Spatiotemporal Modeling on ECoG, Scalp-EEG and MEG
One of the major problems in clinical neurophysiology has been the investigation of physiological as well as pathological processes involving multiple simultaneously active brain regions using electrical and magnetic measurements [21, 29, 32, 34, 40, 41, 42, 138, 259, 319, 320, 321, 322, 323, 324, 325, 326, 379]. In this context, it is important to recognize that electric potentials or magnetic fields measured at the scalp do not merely reflect activity of neuronal populations immediately underlying the measurement site. Actually, many different and even remote neuronal populations, which are active simultaneously, contribute to scalp electric and magnetic recordings [258, 259]. Thus, the application of methods which allow modeling of multiple simultaneously active brain regions is warranted. We used spatiotemporal modeling to deal with this problem and applied a combined approach of principal component analysis (PCA) and multiple dipole modeling which will be outlined in the following.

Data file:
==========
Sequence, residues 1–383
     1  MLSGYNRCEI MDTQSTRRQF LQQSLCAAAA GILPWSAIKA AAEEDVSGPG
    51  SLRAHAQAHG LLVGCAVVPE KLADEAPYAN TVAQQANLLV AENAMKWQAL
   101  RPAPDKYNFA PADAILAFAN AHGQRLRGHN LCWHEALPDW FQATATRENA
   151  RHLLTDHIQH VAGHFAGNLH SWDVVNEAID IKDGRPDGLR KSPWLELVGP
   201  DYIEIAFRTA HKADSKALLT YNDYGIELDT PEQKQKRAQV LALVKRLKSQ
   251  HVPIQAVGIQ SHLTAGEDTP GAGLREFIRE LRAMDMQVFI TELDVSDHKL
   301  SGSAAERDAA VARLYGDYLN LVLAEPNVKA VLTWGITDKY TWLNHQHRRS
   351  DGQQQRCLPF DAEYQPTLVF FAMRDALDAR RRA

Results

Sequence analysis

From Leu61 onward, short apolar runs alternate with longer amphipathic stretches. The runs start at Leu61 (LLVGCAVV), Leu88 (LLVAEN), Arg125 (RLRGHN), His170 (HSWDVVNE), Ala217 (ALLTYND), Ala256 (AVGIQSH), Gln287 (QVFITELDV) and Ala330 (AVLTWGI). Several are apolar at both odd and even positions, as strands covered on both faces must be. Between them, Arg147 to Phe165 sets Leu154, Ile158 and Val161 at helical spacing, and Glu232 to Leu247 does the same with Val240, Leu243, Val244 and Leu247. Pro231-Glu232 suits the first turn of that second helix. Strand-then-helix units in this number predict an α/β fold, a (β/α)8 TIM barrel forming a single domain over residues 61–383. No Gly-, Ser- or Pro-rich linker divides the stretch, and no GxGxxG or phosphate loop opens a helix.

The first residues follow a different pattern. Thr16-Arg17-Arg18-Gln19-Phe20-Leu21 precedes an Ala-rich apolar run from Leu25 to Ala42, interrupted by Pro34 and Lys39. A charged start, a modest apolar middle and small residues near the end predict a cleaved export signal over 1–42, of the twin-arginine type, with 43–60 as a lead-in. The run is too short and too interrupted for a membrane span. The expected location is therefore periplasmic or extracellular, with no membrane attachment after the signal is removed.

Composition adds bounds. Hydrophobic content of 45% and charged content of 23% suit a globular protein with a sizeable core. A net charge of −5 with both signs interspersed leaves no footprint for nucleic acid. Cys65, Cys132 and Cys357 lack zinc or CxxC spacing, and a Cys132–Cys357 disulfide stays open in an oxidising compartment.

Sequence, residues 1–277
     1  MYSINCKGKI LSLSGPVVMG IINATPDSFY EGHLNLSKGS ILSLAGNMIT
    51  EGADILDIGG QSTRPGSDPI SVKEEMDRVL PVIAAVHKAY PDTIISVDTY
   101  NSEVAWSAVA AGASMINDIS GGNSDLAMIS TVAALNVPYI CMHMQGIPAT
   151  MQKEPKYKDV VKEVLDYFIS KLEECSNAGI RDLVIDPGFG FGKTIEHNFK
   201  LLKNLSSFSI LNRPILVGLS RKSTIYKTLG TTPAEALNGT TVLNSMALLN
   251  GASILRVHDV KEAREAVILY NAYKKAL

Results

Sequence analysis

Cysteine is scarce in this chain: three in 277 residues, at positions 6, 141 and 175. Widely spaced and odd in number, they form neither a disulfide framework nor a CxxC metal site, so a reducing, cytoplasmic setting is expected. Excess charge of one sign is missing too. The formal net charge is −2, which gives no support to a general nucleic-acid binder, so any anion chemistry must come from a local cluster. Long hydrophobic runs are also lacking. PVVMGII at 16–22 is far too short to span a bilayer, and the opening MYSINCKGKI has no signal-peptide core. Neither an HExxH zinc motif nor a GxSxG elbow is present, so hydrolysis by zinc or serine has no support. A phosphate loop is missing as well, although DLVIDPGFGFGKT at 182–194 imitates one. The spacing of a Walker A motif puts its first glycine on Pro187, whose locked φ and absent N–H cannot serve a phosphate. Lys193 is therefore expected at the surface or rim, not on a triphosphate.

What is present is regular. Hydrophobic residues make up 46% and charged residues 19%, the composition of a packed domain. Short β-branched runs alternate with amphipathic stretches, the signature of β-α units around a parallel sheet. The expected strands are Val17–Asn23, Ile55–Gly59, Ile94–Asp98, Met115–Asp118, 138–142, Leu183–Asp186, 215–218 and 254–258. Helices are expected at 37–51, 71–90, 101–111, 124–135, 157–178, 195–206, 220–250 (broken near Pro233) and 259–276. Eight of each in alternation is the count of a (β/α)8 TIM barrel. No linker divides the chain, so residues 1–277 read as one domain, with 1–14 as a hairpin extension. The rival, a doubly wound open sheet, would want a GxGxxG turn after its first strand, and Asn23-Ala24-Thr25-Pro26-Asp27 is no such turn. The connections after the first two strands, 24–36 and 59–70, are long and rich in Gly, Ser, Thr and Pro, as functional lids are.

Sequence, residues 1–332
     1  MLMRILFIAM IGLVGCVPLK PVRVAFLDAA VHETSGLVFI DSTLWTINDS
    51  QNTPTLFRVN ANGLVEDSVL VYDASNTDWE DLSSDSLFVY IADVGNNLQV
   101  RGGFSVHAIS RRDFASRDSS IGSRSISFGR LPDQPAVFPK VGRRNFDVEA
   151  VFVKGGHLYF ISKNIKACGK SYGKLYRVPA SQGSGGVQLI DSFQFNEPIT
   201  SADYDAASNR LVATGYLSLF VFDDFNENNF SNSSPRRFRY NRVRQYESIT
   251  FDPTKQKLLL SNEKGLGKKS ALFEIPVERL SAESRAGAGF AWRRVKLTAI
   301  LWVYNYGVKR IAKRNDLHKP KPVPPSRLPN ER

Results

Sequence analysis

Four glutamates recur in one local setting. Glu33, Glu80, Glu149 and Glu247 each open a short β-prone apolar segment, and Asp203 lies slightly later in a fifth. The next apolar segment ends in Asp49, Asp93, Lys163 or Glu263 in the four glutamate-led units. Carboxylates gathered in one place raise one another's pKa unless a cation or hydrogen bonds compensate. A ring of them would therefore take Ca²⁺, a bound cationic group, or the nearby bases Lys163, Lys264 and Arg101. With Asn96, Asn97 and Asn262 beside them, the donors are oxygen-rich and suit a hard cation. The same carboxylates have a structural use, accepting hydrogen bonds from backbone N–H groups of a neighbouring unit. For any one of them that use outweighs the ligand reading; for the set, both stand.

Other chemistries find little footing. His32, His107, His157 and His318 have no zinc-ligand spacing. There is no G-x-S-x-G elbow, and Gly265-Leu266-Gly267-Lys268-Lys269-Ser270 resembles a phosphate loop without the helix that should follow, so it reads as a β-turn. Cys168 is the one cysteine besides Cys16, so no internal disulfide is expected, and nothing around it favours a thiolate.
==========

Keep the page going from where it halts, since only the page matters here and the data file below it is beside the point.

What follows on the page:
KeywordsSpatiotemporal Pattern Spatiotemporal Modeling Single Dipole Significant Principal Component Successive Time Point
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